Respiratory nurse specialists are urging hospitals to ensure they are following best practices in relation to pleural effusion chest drains, following two patient deaths.
The Association of Respiratory Nurse Specialists (ARNS) is working with NHS leaders and other experts to highlight the risks to patients if chest fluid is drained too quickly and without monitoring.
“I was approached to provide expert opinion and a strong nursing voice to the multidisciplinary working group” Maria Parsonage
A joint National Patient Safety Alert has been published by ARNS, NHS England and NHS Improvement and the British Thoracic Society (BTS).
The intervention comes after a review of hospital reporting data between May 2017 and October 2020 uncovered 16 incidents in which patients experienced acute and significant deterioration, after uncontrolled or unmonitored drainage of a pleural effusion.
Of these incidents, two patients died and a cardiac arrest call was made for one patient although the outcome was not reported.
Pleural effusions are the accumulation of fluid between the lung and chest wall. Large effusions, such as those caused by pleural malignancy, may require insertion of a chest drain and controlled drainage of fluid to allow the lung to inflate.
The National Patient Safety Alert stated: “If large volumes of pleural fluid are drained too quickly, patients can rapidly deteriorate.
“Their blood pressure drops, and they can become increasingly breathless from the potentially life-threatening complication of re-expansion pulmonary oedema.
“This is due to a sudden re-expansion of the compressed lung with an accumulation of oedema within the lung(s),” it said.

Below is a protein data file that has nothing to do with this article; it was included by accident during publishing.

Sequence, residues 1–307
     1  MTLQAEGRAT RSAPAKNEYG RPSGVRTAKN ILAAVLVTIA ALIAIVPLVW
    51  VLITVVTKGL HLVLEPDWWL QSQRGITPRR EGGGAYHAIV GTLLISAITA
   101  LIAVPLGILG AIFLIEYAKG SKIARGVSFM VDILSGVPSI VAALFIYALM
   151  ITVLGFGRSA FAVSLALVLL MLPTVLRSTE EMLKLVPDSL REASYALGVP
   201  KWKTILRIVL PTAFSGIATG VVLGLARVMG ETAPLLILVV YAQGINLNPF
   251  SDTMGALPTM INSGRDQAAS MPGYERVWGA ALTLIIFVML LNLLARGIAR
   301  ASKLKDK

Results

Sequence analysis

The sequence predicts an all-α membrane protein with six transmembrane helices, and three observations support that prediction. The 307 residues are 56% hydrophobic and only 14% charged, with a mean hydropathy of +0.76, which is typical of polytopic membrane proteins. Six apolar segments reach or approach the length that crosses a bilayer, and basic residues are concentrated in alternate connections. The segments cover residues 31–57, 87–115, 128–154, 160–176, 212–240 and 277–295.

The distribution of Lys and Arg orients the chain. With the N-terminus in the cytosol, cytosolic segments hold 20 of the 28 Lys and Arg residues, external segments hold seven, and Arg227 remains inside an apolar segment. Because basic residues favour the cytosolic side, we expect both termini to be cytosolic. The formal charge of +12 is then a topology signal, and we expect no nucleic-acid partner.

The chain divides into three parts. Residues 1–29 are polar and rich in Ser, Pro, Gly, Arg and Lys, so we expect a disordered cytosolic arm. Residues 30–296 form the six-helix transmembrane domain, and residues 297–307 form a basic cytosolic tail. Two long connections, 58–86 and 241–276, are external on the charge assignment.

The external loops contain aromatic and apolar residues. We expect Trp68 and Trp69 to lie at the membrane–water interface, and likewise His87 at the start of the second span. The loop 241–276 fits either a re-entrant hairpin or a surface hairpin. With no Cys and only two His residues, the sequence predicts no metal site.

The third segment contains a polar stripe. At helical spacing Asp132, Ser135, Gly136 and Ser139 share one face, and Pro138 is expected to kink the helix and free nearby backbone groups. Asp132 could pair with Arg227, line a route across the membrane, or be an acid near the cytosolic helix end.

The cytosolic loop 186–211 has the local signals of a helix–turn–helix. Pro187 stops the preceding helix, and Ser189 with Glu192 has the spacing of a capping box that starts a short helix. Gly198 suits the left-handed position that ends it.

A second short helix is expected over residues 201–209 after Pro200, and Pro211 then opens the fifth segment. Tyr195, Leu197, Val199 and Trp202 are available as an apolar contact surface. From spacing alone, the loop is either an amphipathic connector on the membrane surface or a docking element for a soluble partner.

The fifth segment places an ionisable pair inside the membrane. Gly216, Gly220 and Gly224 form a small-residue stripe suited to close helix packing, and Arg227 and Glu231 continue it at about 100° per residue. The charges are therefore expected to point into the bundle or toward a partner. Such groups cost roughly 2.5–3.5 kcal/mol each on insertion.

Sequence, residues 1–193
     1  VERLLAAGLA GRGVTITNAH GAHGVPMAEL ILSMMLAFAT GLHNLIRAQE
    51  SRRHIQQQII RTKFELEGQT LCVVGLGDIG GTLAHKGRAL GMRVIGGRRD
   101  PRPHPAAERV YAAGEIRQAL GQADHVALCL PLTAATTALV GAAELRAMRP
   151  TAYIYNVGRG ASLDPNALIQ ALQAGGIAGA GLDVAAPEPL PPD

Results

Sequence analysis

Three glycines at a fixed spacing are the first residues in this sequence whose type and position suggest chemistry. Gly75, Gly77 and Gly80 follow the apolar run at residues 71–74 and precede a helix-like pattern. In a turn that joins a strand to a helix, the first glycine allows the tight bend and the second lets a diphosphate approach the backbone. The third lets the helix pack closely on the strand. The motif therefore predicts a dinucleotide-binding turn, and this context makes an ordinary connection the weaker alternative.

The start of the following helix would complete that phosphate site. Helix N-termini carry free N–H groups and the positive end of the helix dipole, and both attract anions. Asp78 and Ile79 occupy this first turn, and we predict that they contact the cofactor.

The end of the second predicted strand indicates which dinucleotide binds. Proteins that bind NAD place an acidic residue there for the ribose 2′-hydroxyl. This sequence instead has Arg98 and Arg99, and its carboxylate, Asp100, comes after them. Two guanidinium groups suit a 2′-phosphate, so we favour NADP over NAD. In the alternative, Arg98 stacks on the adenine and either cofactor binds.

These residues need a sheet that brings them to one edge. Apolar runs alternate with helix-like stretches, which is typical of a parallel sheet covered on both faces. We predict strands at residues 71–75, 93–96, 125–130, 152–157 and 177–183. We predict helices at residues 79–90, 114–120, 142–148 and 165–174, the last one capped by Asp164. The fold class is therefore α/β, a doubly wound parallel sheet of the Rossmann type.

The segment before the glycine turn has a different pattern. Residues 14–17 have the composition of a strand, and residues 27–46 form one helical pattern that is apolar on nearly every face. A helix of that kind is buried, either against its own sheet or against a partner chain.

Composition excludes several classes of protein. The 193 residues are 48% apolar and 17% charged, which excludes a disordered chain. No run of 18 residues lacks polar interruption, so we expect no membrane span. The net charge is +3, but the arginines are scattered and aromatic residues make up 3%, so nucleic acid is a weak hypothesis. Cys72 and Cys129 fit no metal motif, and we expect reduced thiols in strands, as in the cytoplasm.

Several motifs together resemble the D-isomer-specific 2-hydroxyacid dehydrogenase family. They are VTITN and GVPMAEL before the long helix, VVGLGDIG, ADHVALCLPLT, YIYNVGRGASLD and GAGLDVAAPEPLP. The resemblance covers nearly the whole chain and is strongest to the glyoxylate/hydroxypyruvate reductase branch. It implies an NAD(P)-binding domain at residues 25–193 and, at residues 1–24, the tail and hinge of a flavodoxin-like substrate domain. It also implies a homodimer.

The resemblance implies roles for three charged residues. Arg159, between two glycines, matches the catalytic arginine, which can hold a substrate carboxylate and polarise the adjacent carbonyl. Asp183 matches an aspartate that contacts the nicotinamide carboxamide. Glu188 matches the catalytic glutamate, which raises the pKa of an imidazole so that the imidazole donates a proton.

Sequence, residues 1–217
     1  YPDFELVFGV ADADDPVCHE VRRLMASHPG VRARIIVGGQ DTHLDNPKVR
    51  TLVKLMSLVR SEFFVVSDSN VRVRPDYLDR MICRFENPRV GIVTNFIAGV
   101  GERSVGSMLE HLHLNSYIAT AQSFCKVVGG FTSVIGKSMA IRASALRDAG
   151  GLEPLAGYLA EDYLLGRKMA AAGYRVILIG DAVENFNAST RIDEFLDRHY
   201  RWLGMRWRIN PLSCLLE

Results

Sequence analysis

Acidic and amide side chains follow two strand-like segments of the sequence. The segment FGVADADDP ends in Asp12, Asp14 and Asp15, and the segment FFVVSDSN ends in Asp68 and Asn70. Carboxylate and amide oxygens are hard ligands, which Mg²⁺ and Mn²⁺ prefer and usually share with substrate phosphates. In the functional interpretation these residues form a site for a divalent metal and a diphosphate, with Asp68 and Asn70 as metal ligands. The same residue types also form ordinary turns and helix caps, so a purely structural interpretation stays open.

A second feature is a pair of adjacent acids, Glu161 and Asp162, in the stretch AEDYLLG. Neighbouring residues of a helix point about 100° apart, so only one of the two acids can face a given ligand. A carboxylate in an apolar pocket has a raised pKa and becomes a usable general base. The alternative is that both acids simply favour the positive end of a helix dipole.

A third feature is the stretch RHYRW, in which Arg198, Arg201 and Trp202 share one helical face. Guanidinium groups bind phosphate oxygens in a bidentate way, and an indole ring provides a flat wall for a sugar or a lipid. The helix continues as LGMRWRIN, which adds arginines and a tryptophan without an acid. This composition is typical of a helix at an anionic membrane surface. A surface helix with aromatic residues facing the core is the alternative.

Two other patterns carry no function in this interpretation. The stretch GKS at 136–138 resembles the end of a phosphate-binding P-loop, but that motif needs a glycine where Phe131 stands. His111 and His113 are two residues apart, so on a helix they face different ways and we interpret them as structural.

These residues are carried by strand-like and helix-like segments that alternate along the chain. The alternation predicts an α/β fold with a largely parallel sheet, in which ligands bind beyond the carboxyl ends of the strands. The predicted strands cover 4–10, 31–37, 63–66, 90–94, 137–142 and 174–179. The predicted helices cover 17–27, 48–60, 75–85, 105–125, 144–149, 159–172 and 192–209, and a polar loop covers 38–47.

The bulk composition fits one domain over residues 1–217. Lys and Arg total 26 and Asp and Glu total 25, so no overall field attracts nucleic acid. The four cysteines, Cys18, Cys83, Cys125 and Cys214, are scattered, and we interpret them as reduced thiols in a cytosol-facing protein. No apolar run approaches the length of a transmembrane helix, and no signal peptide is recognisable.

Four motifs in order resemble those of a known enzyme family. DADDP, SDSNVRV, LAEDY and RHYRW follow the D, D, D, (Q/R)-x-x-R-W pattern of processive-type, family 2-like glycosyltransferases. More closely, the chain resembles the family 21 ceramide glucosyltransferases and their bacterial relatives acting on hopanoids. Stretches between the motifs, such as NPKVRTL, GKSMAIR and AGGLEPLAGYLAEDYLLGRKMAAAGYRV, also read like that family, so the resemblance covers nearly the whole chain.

“The rate at which fluid is drained must be controlled in order to prevent cardiovascular instability and collapse,” it added.
However, a review of the reported incidents suggested that observations and monitoring of patients after chest insertion were either not being done at all or were being carried out too late.
“If large volumes of pleural fluid are drained too quickly, patients can rapidly deteriorate” National Patient Safety Alert
In other incidents, it may have been the case that plans to manage the rate of fluid drainage were not documented or followed, said the alert.
There was also the possibility that staff were not expecting large quantities of pleural fluid to drain during the procedures, it added.
To help reduce variation in practice, ARNS has developed new good practice standards, which have been endorsed by the Royal College of Nursing.
For ARNS, the work has been led by its pleural lead, Maria Parsonage, consultant respiratory nurse and pleural disease specialist at Wirral University NHS Trust.
Ms Parsonage told Nursing Times: “As the ARNS pleural lead, I was approached to provide expert opinion and a strong nursing voice to the multidisciplinary working group.
“Exemplar chest drain resources were then developed to fulfil the essential safety criteria set out in the alert and these have been endorsed by the RCN.”
She added: “The ARNS good practice standards and chest drain resources provide clear instruction on frequency of observation, red flag triggers and local escalation procedures for patient deterioration are available to staff at the patient’s bedside.
“These standards will support staff to provide safe and effective care when managing patients with a pleural effusion requiring a chest drain.”
As part of the National Patient Safety Alert, all hospitals that carry out pleural chest drains are being told they must review their procedures and implement the ARNS standards by June 2021.